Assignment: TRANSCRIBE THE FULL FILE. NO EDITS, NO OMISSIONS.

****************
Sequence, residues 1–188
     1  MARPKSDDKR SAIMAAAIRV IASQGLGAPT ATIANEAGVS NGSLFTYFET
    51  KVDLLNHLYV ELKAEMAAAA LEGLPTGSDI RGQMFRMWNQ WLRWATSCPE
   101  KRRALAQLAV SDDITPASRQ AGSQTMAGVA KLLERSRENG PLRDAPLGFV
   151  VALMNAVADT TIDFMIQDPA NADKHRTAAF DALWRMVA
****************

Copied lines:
Sequence, residues 1–188
     1  MARPKSDDKR SAIMAAAIRV IASQGLGAPT ATIANEAGVS NGSLFTYFET
    51  KVDLLNHLYV ELKAEMAAAA LEGLPTGSDI RGQMFRMWNQ WLRWATSCPE
   101  KRRALAQLAV SDDITPASRQ AGSQTMAGVA KLLERSRENG PLRDAPLGFV
   151  VALMNAVADT TIDFMIQDPA NADKHRTAAF DALWRMVA